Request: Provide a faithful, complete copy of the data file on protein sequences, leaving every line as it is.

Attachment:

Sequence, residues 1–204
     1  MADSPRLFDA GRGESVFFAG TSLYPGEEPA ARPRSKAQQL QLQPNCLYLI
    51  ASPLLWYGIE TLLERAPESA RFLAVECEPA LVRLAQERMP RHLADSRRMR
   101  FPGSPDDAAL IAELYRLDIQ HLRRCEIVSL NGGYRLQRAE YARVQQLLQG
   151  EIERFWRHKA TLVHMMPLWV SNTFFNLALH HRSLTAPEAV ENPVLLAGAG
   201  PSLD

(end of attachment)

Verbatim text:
Sequence, residues 1–204
     1  MADSPRLFDA GRGESVFFAG TSLYPGEEPA ARPRSKAQQL QLQPNCLYLI
    51  ASPLLWYGIE TLLERAPESA RFLAVECEPA LVRLAQERMP RHLADSRRMR
   101  FPGSPDDAAL IAELYRLDIQ HLRRCEIVSL NGGYRLQRAE YARVQQLLQG
   151  EIERFWRHKA TLVHMMPLWV SNTFFNLALH HRSLTAPEAV ENPVLLAGAG
   201  PSLD